At the start of October, a medicinal cannabis product used in the management of multiple sclerosis became eligible for reimbursement in Ireland.
Multiple sclerosis (MS) is a chronic illness affecting the central nervous system where a patient’s immune system eats away at myelin, which is the protective covering of nerves. One of the many impacts is spasticity, which causes a patient’s muscles to feel stiff, heavy and difficult to move. In severe cases, it can cause uncontrollable and painful spasms.
Various anti-spasticity medications are available – among them a formulation called Sativex (nabiximols). This is an oromucosal spray based on a cannabis extract, with each 100 microlitre spray containing 2.7 mg THC (tetrahydrocannabinol) and 2.5 mg CBD (cannabidiol).
While Sativex has proved effective as an anti-spasticity medication for MS patients who haven’t found suitable relief using other medicines and therapies, it’s expensive stuff. Ireland’s National Centre for Pharmacoeconomics (NCPE) noted in 2021:
“Assuming that 8.1 sprays are required per day (dose assumption derived from the Summary of Product Characteristics), the total cost, per patient, per year is €5,181 (including mark-up, rebate and pharmacy fees).”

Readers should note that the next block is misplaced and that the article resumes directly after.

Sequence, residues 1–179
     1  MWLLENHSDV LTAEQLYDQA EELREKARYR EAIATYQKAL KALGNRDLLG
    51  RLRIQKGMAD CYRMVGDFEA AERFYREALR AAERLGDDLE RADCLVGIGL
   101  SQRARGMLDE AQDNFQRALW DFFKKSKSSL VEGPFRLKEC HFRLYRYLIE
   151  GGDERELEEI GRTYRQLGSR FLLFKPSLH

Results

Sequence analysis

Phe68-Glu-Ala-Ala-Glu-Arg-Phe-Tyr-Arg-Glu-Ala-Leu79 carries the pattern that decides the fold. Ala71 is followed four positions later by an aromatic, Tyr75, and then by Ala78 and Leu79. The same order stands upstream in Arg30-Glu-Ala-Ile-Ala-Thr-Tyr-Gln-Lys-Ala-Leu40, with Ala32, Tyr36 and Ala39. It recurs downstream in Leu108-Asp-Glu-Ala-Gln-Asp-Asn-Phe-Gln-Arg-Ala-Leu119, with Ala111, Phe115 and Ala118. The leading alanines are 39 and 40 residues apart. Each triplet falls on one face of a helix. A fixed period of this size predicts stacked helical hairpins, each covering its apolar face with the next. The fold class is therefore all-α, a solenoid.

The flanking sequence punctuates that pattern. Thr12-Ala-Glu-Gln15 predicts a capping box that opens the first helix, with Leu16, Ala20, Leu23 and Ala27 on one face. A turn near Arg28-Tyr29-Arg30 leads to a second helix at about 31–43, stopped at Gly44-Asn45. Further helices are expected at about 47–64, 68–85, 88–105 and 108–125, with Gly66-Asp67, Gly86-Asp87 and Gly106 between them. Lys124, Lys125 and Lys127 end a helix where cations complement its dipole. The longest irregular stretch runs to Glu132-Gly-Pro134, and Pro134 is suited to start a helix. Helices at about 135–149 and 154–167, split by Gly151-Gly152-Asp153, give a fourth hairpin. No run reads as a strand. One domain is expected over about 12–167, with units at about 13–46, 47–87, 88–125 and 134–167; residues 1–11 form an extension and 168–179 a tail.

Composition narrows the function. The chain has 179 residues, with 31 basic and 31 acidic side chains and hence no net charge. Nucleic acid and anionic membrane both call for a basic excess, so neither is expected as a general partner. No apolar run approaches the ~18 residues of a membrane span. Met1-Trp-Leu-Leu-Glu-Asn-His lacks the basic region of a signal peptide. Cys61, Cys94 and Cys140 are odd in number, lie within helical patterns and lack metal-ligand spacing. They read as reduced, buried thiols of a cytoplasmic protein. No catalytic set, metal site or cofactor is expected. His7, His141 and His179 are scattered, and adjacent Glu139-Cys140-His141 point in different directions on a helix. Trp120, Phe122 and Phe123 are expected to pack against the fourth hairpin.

Sativex was first approved for use in Ireland a decade ago, but its cost hasn’t been covered for reimbursement. MS patients have struggled to access the treatment due to its costs. But that hurdle has now been removed.
Ireland’s Health Service Executive (HSE) recently announced a Managed Access Program (MAP) for Sativex under the High Tech Arrangement, which came into effect on 1st October 2023. The arrangement is confined to consultant neurologists registered with the Irish Medical Council, who have agreed to the terms of the MAP and who have been approved by the HSE. The approved prescriber is required to submit an application for individual reimbursement approval for each patient.
MS Ireland welcomed the news.
“This announcement marks the culmination of a decade-long journey, from advocating for legislative changes in 2013 to patient group submissions in recent years,” the organisation stated early this month. “MS Ireland acknowledges the tireless efforts of its Advocacy Officers past and present in championing this cause.”